We moved from Washington to Texas.
We recently sold our little house in Seattle, packed everything in a shipping container, and drove to Austin, Texas. We'd never even visited, but were ready for change and a bit of adventure.
These are my first impressions:
Tacos really are everywhere, including the breakfast variety. To save you some embarrassment, in case you didn't know either, they're all about the size of your hand with fingers outstretched. Not your fist.
We all know Texas is a large state, but to know is one thing and to drive through is another.
Strangers seem warmer. I've stood in exactly two long lines and each time someone invited me ahead of them. People not in line for things are also pleasant, mostly with passing acknowledgment and friendly banter.
Traveling with an anxious little dog is much harder than not traveling with an anxious little dog.
Horizontal traffic signals make sense. You can see each light no matter who's in front of you, plus they're not dangling precariously for storms to toss around. Why do they dangle in every other place I've lived?
Fewer ya'lls and twangy accents than anticipated thus far.
Roads are a few shades lighter and splotchy with tar patches. I've yet to encounter a pothole, however, and the grass flanking the highways always seems to be mowed—most perplexingly in the middle of nowhere.
The night air is chirpy with crickets.
Who actually goes to Taco Bell here and why?
Highways don't always use ramps to spiral you on and off, but often parallel frontage roads that simply merge in and out. This makes getting on and off simple, and screwing up isn't a big deal since you're still moving in the right direction.
Austin is apparently In-N-Out territory.
It's oven hot and it doesn't cool much at night, but it's okay in the shade and not as oppressive as Florida's heat.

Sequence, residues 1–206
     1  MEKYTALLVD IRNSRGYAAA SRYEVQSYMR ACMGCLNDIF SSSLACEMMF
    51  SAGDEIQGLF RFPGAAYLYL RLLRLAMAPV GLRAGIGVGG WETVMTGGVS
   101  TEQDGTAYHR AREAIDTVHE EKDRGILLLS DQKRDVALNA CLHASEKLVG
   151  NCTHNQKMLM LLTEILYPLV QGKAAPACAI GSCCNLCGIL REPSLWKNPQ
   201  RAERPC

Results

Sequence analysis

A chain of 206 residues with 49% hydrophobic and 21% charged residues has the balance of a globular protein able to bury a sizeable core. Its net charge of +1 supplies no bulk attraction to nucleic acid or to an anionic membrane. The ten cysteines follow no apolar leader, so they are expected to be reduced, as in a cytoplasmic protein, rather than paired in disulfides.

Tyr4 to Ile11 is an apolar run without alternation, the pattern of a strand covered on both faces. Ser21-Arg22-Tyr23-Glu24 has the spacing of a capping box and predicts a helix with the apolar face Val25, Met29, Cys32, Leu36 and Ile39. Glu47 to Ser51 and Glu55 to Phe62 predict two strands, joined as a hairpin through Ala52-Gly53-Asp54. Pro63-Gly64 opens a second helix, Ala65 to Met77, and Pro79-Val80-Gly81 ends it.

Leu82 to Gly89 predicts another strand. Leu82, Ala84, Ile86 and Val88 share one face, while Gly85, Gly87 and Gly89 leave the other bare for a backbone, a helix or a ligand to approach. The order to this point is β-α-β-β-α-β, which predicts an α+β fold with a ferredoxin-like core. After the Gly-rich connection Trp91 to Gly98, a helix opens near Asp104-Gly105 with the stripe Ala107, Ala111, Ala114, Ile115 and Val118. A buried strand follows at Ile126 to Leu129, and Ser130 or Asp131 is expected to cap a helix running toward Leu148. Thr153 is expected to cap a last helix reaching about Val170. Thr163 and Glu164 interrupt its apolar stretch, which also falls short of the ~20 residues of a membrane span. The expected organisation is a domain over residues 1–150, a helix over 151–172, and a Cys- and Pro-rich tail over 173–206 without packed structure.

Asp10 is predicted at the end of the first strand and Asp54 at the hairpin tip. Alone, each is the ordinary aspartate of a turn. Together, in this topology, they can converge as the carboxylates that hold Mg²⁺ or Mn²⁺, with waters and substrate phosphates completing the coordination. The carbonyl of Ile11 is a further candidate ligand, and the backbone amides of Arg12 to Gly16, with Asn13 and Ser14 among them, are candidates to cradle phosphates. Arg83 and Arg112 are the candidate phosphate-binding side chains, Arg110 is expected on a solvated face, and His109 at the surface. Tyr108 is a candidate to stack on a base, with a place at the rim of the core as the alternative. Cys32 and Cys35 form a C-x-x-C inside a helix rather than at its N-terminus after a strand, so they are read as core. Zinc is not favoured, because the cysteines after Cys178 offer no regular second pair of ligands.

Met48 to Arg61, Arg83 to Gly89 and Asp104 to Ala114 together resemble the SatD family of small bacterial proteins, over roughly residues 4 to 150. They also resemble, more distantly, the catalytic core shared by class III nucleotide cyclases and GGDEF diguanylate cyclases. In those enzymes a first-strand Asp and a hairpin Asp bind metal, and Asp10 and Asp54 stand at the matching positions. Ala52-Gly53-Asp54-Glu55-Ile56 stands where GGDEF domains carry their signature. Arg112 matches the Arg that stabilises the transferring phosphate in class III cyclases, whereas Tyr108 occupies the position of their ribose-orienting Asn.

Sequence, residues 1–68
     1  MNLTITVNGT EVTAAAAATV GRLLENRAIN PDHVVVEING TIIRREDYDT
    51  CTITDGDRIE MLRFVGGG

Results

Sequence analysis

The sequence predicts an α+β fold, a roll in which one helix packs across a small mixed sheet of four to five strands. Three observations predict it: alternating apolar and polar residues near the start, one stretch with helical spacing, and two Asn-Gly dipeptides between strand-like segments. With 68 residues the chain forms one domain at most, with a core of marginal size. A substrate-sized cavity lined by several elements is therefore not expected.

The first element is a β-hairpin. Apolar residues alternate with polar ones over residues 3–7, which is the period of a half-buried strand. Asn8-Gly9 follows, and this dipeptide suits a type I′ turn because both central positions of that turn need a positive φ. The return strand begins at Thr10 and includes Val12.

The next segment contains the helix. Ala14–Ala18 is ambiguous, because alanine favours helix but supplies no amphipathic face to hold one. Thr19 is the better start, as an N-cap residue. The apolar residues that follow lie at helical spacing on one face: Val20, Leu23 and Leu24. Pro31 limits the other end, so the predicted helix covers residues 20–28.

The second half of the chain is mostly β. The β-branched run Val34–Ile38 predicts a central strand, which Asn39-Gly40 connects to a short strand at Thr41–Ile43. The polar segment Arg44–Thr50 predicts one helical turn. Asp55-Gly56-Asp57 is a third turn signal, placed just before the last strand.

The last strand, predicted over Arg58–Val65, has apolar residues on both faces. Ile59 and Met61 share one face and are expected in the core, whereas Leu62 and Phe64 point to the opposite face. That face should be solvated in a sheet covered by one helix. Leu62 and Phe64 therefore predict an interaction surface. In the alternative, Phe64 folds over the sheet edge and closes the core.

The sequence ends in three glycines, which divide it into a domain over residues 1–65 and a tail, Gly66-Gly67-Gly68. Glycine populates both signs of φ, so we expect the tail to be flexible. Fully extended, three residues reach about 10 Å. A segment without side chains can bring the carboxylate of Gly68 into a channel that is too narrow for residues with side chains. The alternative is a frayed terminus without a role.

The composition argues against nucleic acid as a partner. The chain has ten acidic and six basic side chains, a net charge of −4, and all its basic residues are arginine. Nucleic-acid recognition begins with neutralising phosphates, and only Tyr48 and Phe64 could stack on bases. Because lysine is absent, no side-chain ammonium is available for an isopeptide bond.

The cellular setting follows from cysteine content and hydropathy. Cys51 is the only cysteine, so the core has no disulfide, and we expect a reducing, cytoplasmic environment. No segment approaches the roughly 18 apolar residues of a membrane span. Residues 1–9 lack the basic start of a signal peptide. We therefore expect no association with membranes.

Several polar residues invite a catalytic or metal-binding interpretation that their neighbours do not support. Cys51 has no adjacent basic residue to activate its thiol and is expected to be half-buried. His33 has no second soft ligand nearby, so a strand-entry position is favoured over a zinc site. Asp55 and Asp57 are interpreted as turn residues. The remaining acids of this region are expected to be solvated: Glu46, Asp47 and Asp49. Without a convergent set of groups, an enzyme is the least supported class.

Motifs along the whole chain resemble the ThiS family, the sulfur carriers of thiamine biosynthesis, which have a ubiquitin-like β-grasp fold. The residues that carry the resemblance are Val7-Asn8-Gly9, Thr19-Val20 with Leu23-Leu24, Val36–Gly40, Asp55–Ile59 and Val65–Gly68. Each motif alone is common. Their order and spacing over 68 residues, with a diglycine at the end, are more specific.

It's greener than I'd imagined, and the hills are really pretty.
There's no shortage of Texas barbecue. One mustn't memorize and blurt out his order at a barbecue counter, however. Instead, he should note what station he's at and only relay pertinent requests.
There are little geckos, some speckled and some a pale green. Both elicit canine investigation.
Abundant trees provide essential shade. In our Seattle neighborhood it seemed like everyone was cutting theirs down, where here they're an important consideration for any patch of land. They're often old, proud things that have been pruned with care.
It's easier driving a car around when there's more space and it was designed with cars in mind.
This isn't Texas-specific, but I learned that if you go through a DQ drive-through with an angsty little dog they may offer you a "pup cup," which is a little dog bone atop a blurp of soft serve in an upside-down sundae lid. Our pup gave it a few licks and rode home in blissful silence.
If Google Fiber's in your city but not at your address, you'll live.
H-E-B looks more like a normal grocery store (Kroger, Safeway, etc.) than I remember Wegmans, but they've got an awful lot going on in there with fresh tortillas and salsas and things I didn't need to discover.
Having some of your stuff broken and mangled is a helpful reminder not to get too attached to your stuff.
Dedicated U-turn lanes taught me not to approach an intersection in the leftmost lane. Similarly, right turns off service roads require an early signal and a generous amount of braking distance.
You don't really move, you just change where you are and try to be open to letting that place change you.